8. An unknown individual from Pakistan, sent by, or associated with, Zabir Jalil, a Hezb-e-Islami Gulbuddin (HIG) commander in Quetta, Pakistan, provided radio-controlled detonators. The man also instructed the detainee on the proper use of the devices.
  9. The Hezb-e-Islami Gulbuddin has staged small attacks to force United States troops to leave Afghanistan, overthrow the Afghan Transitional Administration, and establish a fundamentalist state.
  10. The Hezb-e-Islami was one of the major mujahedin groups in the war against the Soviets and has long established ties with Bin Laden.
  11. Zabit Jalil was reportedly involved in planning to lay remote control detonated explosives along the route to a U.S. military installation in Kandahar, Afghanistan.
  12. HIG Commander Gulbuddin Hekmatyar, Zabit Jalil, and Mullah Ghaffor were providing funding for planned attacks against United States military personnel.
  13. The detainee reportedly purchased 100 bars of wet gun powder; twelve 82 millimeter mortar rounds; 25 to 30 rocket propelled grenades; two to three Enfield rifles; and four anti-tank mines.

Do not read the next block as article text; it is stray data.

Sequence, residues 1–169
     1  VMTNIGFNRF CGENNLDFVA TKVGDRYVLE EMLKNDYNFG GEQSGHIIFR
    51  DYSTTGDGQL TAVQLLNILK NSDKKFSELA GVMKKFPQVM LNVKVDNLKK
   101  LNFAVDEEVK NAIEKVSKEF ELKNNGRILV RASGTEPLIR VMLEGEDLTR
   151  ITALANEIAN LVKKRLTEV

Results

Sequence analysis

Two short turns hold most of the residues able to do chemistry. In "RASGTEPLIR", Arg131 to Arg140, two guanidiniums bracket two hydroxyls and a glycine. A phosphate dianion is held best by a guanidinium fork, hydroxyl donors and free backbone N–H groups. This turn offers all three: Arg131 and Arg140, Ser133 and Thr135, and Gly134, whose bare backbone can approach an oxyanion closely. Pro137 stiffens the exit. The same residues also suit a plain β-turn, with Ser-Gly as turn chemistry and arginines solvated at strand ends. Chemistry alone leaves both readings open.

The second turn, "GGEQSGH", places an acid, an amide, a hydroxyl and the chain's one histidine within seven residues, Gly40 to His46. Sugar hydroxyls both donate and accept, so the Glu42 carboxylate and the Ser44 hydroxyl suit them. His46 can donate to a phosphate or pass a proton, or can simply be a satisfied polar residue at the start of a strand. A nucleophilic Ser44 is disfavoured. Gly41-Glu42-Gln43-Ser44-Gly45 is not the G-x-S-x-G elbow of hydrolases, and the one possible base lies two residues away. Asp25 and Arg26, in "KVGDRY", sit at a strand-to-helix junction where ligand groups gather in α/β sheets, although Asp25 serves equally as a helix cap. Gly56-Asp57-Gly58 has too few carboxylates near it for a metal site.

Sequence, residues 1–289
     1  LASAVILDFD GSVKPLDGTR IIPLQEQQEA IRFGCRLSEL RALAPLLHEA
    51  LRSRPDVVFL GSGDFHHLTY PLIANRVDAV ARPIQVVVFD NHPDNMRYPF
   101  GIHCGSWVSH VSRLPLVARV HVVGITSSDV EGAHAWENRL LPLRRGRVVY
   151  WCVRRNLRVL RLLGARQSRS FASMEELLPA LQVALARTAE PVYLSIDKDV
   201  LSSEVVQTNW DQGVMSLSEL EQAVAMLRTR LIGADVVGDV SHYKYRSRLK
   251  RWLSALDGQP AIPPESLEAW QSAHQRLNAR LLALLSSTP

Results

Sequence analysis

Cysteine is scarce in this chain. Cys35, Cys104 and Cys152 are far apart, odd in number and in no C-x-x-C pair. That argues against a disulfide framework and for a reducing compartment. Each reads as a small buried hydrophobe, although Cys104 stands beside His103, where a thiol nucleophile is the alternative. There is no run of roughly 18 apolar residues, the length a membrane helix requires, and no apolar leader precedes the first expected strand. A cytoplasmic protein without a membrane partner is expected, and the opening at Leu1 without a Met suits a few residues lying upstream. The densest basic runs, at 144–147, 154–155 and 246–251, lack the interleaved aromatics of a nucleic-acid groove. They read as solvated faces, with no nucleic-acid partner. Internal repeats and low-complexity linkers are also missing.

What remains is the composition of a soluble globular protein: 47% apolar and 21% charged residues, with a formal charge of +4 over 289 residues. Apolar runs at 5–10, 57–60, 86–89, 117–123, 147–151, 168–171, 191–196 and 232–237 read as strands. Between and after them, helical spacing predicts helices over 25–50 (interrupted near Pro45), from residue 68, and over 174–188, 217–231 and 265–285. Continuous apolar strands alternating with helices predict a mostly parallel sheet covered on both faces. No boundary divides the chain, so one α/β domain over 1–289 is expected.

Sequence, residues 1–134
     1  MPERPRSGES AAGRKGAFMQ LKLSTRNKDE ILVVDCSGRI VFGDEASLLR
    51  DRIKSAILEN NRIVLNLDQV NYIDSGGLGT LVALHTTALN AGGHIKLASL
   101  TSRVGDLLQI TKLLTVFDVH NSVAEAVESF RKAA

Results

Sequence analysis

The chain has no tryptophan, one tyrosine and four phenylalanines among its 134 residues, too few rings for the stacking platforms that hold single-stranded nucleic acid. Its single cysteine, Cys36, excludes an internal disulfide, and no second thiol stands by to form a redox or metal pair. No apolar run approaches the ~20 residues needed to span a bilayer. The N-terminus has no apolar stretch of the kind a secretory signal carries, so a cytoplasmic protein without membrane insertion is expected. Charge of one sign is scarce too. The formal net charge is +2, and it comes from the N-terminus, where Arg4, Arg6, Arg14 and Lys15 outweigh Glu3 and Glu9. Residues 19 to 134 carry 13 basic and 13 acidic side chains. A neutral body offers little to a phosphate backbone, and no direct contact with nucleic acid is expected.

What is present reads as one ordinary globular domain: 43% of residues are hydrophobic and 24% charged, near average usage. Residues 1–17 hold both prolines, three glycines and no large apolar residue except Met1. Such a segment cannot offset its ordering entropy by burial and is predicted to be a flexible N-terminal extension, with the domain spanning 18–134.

b. Training
  1. The detainee received some military and hands-on training while fighting against the Russians in the jihad, but denied any training at a formal camp.
  2. The detainee can fire AK-47s, pistols and shoulder-fired rockets.
c. Other Relevant Data
  1. The detainee worked for about one year for Mullah Abdul Ali, a member of the Taliban. The detainee would pick up groceries and personal items for his employer.
  2. The detainee admitted knowing Zabit Jalil, but only during the time of the Russians.
  3. The detainee admitted involvement with the Sayyef Group during the Russian jihad.

The following primary factors favor release or transfer

a. The detainee denied knowing Mullah Omar and having any knowledge of a letter reportedly discovered in his residence.
b. The detainee denied any association with the HIG, Taliban, and involvement in the planning of attacks on U.S. or Afghan forces.


Razzaq chose to participate in his Administrative Review Board hearing.[8]

Responses to the factors